DES MOINES – On Wednesday, State Auditor Rob Sand sent a letter to the interim director of the Department of Human Services, informing him two of the companies on Iowa’s privatized Medicaid system have violated parts of the contracts with the state.
“Clause 2.13.27 of the State of Iowa’s contracts with MCOs Amerigroup and United HealthCare allows the State Auditor, at the MCOs’ cost, to determine whether the MCOs have complied with their legal and/or contractual obligations. I write today to state that they have failed to comply, in the hope that their failures will be immediately remedied to save taxpayer money and protect the Iowans specifically harmed. The issues that I will note in this letter focus on the treatment of two quadriplegics who are currently experiencing service gaps and cuts. Staff at DHS are aware of their situations, and yet thus far their situations are unresolved. While progress has been in some areas of their cases, the facts appear to violate federal regulations at 42 C.F.R. § 441.710, in addition to violating the contract clauses specifically noted below. Not only that, but the violations would have been worse had these individuals and their families not spent hours doing what taxpayers already pay the MCOs to do ,” wrote Sand in a letter delivered on Wednesday.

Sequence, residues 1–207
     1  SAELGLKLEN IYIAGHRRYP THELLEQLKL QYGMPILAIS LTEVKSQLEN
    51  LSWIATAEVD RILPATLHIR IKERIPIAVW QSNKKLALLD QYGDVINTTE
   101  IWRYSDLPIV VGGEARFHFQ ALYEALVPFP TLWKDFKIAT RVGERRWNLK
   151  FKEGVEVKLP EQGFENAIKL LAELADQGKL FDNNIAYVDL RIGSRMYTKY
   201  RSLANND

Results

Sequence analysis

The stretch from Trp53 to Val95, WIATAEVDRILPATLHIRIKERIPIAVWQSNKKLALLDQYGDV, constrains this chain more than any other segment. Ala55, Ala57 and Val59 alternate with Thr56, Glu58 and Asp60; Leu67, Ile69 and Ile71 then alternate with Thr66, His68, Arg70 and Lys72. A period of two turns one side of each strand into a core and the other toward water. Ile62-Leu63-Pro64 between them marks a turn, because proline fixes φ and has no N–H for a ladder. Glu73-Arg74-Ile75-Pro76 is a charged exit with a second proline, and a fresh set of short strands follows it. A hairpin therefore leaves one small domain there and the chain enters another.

In a one-on-one interview with Local 5 on Wednesday, Sand explained that two Iowans contacted him to look into their decreased care.
“And they failed to comply in a way that is both bad for the individuals that we’re talking about in these cases, but also bad for taxpayers in general. So there’s two quadriplegics in Iowa, who received notice from their provider that their provider was going to cease providing services, they got a 30-day notice. And I was contacted during that 30-day window,” said Sand. “And I decided that this would be a good opportunity for me to see what I could see and see what I can learn and see if I could help. What I saw in those 30 days was a total lack of action on the MCO’s part. And that, really, the situation for these individuals would be worse, if these individuals weren’t essentially doing what the MCO are being paid to do. These people have experienced cuts in their care, they’ve experienced cuts in their services, they’ve had a service gap, both of which should not happen. And that is an instance of non-compliance.”
Local 5 asked Sand the status of his Medicaid audit that he promised to do while campaigning in 2018.
“I don’t give out deadlines on things because I want to know that I am doing my job thoroughly. However, at the same time, I can tell you that we will have probably multiple Medicaid audits that are issued in advance of the 2020 elections,” said Sand.